William J. Bailey
|William J. Bailey|
|Second Executive Committee|
|Preceded by||First Executive Committee|
|Succeeded by||George Abernethy|
|Provisional Legislature of Oregon|
|Born||January 13, 1807
|Died||February 5, 1876
|Spouse(s)||1) Margaret Jewett Smith
William J. Bailey (January 13, 1807 – February 5, 1876) was a British-born physician who immigrated to the United States, where he became a pioneer and politician in the Oregon Country, particularly the Willamette Valley. Bailey participated in the Champoeg Meetings that led to the creation of a provisional government in Oregon. Bailey was selected as a member of that government, first on the Executive Committee and later in the Provisional Legislature of Oregon.
William Bailey was born in Great Britain on January 13, 1807. In England he was said to have studied medicine, before emigrating with his mother to the United States sometime before 1834. In the U.S. he enlisted in the Navy and traveled to the West Coast as a seaman, but deserted his ship in San Francisco. There is no evidence that he practiced medicine in the United States.
William Bailey moved to Oregon from California in 1835, settling in the Willamette Valley. Bailey's group included John Woodward, George K. Gay, and John Turner. On this journey north, the group fought with the Rogue River Indians, losing four of their eight members of the party. Woodward, Gay, Bailey, and Turner were the survivors. Years later, Bailey and Gay murdered a Native American youth in the same area in retaliation during a cattle drive north from California. Bailey was working in the Willamette Cattle Company cattle drive from Mexican-owned California to Oregon. Leading the cattle drive was Ewing Young. In 1834 his party had killed several Rogue River natives on their journey to Oregon. This prompted their retaliation against Bailey's party the following year.
Marriage and family
In Oregon Bailey married Margaret Jewett Smith from the Methodist Mission. The two did not have any children and divorced in 1854. Margaret Bailey wrote for the Oregon Spectator, and she also wrote literary works. Bailey later remarried.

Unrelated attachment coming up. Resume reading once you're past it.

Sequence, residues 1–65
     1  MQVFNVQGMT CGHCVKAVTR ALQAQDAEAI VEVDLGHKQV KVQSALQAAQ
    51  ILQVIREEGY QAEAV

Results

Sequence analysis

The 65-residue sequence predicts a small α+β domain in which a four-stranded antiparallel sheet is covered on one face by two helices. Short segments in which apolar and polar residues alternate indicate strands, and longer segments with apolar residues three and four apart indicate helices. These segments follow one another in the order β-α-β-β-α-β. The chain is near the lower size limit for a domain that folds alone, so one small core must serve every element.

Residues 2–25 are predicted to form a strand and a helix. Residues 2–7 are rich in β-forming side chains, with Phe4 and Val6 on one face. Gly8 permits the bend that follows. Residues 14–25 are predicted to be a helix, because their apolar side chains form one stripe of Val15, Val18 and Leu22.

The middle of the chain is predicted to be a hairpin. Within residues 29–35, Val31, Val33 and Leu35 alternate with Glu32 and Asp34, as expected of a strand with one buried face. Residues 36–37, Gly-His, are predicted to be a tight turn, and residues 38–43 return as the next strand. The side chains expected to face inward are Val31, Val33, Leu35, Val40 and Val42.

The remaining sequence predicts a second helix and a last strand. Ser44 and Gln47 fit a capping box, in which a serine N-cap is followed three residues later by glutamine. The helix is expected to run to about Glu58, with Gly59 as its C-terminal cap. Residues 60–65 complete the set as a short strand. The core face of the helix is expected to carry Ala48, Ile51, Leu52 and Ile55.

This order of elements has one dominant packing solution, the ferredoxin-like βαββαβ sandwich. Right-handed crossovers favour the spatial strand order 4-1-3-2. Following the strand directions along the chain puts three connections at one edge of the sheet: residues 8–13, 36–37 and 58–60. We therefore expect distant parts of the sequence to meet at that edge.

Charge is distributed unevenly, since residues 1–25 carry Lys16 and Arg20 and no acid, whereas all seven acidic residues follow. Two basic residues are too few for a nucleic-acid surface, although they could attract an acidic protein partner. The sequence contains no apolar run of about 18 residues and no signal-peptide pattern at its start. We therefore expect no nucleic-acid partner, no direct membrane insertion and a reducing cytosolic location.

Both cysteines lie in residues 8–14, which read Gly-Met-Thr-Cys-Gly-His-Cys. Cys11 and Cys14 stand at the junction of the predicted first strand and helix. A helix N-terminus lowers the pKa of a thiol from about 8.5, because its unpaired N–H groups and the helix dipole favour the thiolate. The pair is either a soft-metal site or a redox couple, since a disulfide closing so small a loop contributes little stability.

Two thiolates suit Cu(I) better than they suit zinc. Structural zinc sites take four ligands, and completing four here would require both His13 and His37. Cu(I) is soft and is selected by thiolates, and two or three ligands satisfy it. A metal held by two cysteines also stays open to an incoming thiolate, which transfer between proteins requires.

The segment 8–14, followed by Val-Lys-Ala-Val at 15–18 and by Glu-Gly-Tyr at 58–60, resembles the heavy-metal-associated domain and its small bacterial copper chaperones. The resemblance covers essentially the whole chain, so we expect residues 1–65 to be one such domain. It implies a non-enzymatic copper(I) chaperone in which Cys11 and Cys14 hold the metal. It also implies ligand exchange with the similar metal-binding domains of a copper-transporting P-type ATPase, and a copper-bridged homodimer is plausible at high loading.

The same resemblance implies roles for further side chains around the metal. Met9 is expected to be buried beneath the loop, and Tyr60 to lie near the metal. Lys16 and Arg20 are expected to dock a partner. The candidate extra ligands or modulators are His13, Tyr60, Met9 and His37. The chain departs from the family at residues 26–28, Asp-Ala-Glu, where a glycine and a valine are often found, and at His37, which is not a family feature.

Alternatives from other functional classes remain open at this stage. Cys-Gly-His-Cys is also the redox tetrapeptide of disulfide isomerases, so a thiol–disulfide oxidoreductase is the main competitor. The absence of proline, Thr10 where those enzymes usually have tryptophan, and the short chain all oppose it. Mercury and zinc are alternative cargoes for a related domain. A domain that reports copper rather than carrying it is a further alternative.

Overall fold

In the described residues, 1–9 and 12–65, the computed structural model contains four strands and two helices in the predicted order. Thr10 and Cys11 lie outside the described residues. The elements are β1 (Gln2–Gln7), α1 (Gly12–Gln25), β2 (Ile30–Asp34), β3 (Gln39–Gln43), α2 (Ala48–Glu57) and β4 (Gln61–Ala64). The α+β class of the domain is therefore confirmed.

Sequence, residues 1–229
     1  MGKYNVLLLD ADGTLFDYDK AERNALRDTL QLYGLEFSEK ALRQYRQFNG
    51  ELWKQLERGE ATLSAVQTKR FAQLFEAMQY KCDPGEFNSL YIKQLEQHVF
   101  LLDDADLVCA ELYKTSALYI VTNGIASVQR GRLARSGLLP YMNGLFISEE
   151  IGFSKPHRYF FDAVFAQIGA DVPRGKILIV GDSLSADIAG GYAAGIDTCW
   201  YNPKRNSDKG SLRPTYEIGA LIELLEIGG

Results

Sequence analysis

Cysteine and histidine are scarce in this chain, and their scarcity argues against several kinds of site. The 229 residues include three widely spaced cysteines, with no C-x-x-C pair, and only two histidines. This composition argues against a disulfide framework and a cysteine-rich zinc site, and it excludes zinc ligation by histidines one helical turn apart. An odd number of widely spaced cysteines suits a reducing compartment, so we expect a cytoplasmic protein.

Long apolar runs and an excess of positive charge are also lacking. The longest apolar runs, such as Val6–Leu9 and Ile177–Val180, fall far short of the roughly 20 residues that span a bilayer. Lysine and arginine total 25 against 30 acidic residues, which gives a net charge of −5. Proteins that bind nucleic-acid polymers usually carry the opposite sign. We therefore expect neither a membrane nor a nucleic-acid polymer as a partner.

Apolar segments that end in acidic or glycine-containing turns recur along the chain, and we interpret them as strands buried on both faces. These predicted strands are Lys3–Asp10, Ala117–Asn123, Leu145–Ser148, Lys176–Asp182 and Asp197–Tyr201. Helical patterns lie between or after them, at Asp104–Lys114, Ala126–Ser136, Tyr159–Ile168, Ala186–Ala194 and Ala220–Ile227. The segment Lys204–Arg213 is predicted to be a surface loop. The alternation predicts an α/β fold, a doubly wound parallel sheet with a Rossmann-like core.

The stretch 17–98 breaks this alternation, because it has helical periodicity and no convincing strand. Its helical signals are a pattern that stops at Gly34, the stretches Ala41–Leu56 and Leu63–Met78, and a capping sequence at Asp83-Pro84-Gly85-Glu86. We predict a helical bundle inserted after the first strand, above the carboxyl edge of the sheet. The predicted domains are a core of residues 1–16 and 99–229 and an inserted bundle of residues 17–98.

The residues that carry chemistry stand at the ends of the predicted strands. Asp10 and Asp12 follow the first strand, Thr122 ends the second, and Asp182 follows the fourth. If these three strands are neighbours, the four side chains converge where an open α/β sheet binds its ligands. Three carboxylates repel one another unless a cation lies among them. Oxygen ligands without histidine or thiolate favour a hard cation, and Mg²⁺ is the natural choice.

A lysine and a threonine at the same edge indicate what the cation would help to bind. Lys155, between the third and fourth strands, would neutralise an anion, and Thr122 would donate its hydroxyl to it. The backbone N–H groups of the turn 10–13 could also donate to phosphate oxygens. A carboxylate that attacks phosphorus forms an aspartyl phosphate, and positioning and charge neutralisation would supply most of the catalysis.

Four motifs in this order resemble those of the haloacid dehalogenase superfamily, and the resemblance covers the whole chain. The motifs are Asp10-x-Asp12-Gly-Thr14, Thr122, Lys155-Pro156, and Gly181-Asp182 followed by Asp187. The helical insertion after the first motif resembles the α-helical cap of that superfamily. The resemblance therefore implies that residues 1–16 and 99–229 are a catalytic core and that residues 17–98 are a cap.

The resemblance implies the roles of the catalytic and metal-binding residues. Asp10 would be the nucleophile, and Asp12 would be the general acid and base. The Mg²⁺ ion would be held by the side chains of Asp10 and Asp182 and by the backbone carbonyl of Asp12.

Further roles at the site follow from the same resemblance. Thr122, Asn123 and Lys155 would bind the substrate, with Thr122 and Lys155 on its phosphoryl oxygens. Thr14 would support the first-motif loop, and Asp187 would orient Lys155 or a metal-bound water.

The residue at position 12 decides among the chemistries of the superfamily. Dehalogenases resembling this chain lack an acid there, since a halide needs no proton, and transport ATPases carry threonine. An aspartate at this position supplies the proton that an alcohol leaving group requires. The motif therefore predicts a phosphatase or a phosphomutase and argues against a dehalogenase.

In February 1841, attempts to create a government in Oregon Country began. When the extremely wealthy Ewing Young died without a will or known heir. the Americans decided they needed a government to settle his affairs. During these settler meetings, Bailey was selected as chairman of the committee to draft a constitution and laws for the region. The group dd not complete their plans, but in 1843, many participated in the final Champoeg Meetings leading to the creation of a provisional government in Oregon.
During the provisional government, William Bailey served as a member of the Second Executive Committee, along with Peter G. Stewart and Osborne Russell. This committee acted in place of a single executive. The second constitutional group replaced the committee with a single executive to streamline the executive branch of the government. The first governor under the new law was George Abernethy. In 1848, Bailey was elected to the provisional legislature from the Champooick district.
- Corning, Howard M. Dictionary of Oregon History. Binfords & Mort Publishing, 1956.
- Scott, Harvey W.; Leslie M. Scott (1924). History of the Oregon Country. The Riverside Press. Vol 2, p. 236.
- "Ewing Young Route". Oregon's Historic Trails. End of the Oregon Trail Interpretive Center. Retrieved 2006-12-21.
First Executive Committee
with Alanson Beers
|Second Executive Committee
Provisional Government of Oregon
with Osborne Russell
Peter G. Stewart
Governor of Provisional Government